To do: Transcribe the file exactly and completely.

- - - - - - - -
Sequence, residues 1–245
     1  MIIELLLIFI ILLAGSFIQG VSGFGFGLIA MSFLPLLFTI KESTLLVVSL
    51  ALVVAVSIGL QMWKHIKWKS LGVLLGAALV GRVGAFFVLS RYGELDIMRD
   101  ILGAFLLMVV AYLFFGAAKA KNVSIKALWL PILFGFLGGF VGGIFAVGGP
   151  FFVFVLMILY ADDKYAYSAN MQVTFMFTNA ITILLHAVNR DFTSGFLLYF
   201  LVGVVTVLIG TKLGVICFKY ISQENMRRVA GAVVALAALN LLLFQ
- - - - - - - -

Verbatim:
Sequence, residues 1–245
     1  MIIELLLIFI ILLAGSFIQG VSGFGFGLIA MSFLPLLFTI KESTLLVVSL
    51  ALVVAVSIGL QMWKHIKWKS LGVLLGAALV GRVGAFFVLS RYGELDIMRD
   101  ILGAFLLMVV AYLFFGAAKA KNVSIKALWL PILFGFLGGF VGGIFAVGGP
   151  FFVFVLMILY ADDKYAYSAN MQVTFMFTNA ITILLHAVNR DFTSGFLLYF
   201  LVGVVTVLIG TKLGVICFKY ISQENMRRVA GAVVALAALN LLLFQ